Problems in Funding, Sustainable and Predictable Financing Results: Child Health

THE (in USD) / Capita (at exchange rate)


Minimum level of investment recommended by the Commission on Macroeconomics and Health (CMH)

Source: The World Bank. 2005. World Development Indicators. 2006.

Challenges 3
Challenges 3 Results: Child Health

  • Inadequate support for cost items like drugs and human resources making it difficult to provide quality health care

  • Fragmentised procurements for Vaccines, HIV/AIDS drugs, Family planning commodities etc

  • Inability of the system to take care of sudden drastic losses in funding due to exchange rate fluctuations (2005-2006)

Harmonization alignment and mutual accountability
Harmonization, alignment and mutual Accountability Results: Child Health

Ideally, for a SWAp to be effective,

both govt. and donors have to re-align their working arrangements

In reality, emphasis is on re-aligning govt. systems and rarely donors’ working arrangements

No Mutual Accountability on the part of donors

Who’s in the driver’s seat? Results: Child Health

Do donors really let Results: Child Health

government drive?

Question what is the health sector
Question: what is the Results: Child Health“health sector”?

  • How the “health sector” relates to the “health system”, but not the same

  • Does the sector refer to public sector only, or public and private actors?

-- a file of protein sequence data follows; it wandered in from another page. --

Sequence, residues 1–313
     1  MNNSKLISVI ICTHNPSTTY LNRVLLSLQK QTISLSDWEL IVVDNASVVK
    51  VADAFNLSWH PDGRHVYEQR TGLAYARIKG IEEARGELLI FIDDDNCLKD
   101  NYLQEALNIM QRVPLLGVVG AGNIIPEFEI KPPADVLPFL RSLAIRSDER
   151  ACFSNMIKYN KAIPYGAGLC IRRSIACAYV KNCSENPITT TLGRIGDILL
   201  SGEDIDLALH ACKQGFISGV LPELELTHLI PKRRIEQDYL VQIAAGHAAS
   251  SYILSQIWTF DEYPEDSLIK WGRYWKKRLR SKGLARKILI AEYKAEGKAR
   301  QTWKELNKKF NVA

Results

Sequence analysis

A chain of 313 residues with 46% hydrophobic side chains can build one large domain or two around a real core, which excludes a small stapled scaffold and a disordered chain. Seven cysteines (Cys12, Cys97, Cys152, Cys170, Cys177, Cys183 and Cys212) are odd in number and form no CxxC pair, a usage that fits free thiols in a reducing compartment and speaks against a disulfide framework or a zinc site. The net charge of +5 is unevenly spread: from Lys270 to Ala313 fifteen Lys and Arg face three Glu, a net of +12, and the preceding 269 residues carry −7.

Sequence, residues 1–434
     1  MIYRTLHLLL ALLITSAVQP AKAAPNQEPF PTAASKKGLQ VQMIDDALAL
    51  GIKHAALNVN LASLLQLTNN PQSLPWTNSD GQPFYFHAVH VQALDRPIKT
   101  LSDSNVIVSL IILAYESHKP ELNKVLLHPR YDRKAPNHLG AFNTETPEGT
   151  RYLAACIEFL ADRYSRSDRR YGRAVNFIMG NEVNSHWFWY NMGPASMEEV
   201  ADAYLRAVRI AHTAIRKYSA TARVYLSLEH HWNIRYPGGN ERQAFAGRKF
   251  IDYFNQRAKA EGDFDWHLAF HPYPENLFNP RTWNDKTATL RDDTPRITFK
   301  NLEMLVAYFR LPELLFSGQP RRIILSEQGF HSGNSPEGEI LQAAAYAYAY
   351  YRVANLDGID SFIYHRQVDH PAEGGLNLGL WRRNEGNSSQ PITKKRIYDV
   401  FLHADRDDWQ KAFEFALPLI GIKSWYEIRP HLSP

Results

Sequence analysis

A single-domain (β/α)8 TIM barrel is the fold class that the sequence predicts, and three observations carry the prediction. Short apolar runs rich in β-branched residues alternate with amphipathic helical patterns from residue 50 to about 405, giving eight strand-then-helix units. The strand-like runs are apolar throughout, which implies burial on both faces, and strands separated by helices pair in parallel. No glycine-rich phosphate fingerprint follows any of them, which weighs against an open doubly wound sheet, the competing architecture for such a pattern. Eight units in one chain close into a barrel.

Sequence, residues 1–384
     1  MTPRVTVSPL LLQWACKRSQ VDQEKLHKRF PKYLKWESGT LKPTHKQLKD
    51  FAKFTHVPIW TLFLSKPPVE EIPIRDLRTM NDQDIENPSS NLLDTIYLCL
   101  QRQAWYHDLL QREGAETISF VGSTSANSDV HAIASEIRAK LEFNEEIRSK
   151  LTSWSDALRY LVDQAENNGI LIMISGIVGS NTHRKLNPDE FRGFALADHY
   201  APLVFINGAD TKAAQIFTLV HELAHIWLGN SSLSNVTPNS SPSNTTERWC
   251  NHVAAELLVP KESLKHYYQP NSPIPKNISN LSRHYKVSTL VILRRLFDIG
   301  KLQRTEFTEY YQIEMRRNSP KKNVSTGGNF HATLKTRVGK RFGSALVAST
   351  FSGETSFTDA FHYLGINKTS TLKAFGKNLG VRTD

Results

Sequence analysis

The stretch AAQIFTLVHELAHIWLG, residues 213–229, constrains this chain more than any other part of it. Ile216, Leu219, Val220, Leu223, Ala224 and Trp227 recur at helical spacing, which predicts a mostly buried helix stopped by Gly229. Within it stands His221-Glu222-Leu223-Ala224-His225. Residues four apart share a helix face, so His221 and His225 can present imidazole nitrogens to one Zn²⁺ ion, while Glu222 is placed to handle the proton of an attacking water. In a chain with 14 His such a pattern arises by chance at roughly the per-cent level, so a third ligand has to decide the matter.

• Health outcomes are influenced by forces inside and outside the health system — how does SWAp address factors beyond health care?

Lessons learnt 1
Lessons Learnt 1 Results: Child Health

  • Establishment of formal structures and tools for managing the SWAp and having a strong secretariat can make a huge contribution

  • CPs contributing to the basket are more committed to the SWAp process

  • The SWAp can provide a framework for collaboration but might not create significant improvements in efficiency

Lessons learnt 2
Lessons Learnt 2 Results: Child Health

  • A SWAp can benefit from a decentralized health system

  • Aid coordination is a very complex process which develops slowly

  • MTEF as a tool for strengthening mechanisms for aid management might not be very effective

Policy reflections 1
Policy Reflections 1 Results: Child Health

  • Devpt of effective support systems, ‘learning by doing’ and re-adjusting from experiences

  • Create opportunities for the participation of various stakeholders (by taking cognizance of their respective constraints)

  • There is need to estimate the full resource envelope & put all funding ‘on budget’

Policy reflections 2
Policy Reflections 2 Results: Child Health

  • Build confidence through transparency in resource allocation and use

  • Exit of key CPs from the Health Sector in preference for Direct Budget Support shouldn’t affect the level of funding in the overall health sector

Does it really work
Does it Really work? Results: Child Health

  • No agreed framework for evaluating SWAps and other Aid modalities – Attempts by Walford, Paris Declaration, Hutton, and most recently Boesen and Dietvorst

  • Thus, attributing health outcomes directly to the SWAp is difficult as the SWAp is not implemented in isolation

  • SWAps should be seen as add on processes to vertical projects and ingredients of Direct Budget Support

End of the presentation